Here are the pros and cons of a baitcasting reel setup:


  • Lightweight
  • Can hold heavier line
  • Holds more line
  • Stronger drag
  • Handles bigger baits & lures
  • Longer casts
  • Ideal for bigger fish


  • More expensive
  • Harder to learn
  • Backlashes
  • Harder to throw light lures

If you are just starting out and haven’t fished with a baitcaster before, I would recommend starting with a spinning combo.

After you get comfortable fishing for smallmouth bass with finesse presentations then you can move on and learn how to throw bigger lures with a baitcaster.

You can catch plenty of bass on a spinning rod and it’s best to keep things simple when you first getting started.

Fishing Line

Once you have the rod and reel ready to go, it’s time to make sure you are fishing with the right type of fishing line.

Choosing the right fishing line for your setup will depend on two main factors – The kind or size of baits/lures you are using and the type of reel.

If you are planning on catching smallmouth bass on a spinning rod, I would recommend you use 6 to 8lb test fluorocarbon.

Fluorocarbon is a little bit more expensive then monofilament, but it’s more sensitive allowing you to detect more bites and it’s less visible in the water. This combination makes it ideal when paired with a spinning rod for finesse smallmouth presentations.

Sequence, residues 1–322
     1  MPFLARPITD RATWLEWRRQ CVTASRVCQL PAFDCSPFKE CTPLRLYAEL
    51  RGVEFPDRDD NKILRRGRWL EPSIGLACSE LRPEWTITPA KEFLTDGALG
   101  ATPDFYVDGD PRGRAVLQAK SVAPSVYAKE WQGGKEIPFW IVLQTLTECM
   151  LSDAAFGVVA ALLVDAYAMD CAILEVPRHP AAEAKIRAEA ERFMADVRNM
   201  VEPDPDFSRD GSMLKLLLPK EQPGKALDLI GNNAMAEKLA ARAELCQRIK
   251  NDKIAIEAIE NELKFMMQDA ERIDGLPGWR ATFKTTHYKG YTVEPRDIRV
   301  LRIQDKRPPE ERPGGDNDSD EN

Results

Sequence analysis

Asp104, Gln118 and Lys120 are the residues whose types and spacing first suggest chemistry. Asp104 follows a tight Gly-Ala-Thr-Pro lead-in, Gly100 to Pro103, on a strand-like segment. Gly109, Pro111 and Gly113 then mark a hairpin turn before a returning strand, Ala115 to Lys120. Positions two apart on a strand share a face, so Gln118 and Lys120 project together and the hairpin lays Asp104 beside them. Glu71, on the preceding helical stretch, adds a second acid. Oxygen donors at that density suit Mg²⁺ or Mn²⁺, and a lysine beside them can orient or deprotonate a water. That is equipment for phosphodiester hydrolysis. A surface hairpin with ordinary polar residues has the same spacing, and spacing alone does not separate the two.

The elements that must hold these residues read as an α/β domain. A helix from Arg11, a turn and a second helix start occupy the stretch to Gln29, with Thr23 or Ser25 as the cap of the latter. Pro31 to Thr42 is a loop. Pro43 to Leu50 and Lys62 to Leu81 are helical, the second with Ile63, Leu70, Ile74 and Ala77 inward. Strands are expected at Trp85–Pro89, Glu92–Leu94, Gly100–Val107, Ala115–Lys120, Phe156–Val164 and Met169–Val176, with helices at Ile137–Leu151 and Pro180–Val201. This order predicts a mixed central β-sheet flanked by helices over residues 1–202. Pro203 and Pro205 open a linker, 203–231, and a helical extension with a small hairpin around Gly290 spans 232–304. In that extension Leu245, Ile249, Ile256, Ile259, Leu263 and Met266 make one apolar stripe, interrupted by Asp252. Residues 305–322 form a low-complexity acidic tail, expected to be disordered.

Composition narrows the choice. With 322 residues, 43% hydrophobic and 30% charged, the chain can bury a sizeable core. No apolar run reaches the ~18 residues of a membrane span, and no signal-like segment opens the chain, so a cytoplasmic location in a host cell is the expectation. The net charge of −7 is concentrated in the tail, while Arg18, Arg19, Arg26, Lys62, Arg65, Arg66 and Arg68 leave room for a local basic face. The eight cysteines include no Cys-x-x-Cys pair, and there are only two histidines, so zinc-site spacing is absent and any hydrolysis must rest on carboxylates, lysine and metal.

On the other hand, if you plan on throwing heavier lures like jigs, crankbaits, and spinner baits on a baitcaster, then I would recommend using 10 to 15lb monofilament or fluorocarbon line.

Here are the fishing lines I recommend using when fishing for smallmouth bass:

Knot tying is another important component of your fishing setup and shouldn’t be over looked. If you aren’t comfortable tying basic fishing knots, check out this article: Fishing Knots

Pliers & Snippers

Some other must have items to have while fishing for smallmouth bass is a nice set of pliers and some line snippers.

A quality set of pliers is something that every angler should have and will allow you to safely and easily remove hooks and lures from the bass you catch, protecting you and the fish from harm.

Line snippers are another tool that you should add to your tackle box. A good pair of snippers will make it easy to cut your fishing line when tying on your lures and baits.

Here are my favorite fishing snippers and pliers.

Now that we have covered the basic equipment and gear you’ll need to get started, let’s talk more about baits and lures you’ll need.

Best Baits and Lures for Smallmouth Bass

One of the great things about fishing for smallmouth bass is that there are so many different ways you can catch them. Part of the fun is figuring out the specific baits and lures they may be wanting on a particular day.

We could spend days going over the different bait and lures bass fishing anglers use to target and catch smallmouth bass.

Instead we will focus on the top 6 techniques and baits you can use to catch smallmouth anywhere in the country. These baits are all proven and easy ways you can catch smallmouth bass.

I would encourage you try out these lures and techniques and once you master them you can expand your arsenal and learn the others techniques. But when you are just starting out it’s best to keep things simple.

Here are the best baits and lures to use while fishing for smallmouth bass.

Ned Rig

The Ned Rig is just a small plastic stick bait threaded onto a light jig head. It might not seem like much but this bait flat out catches bass.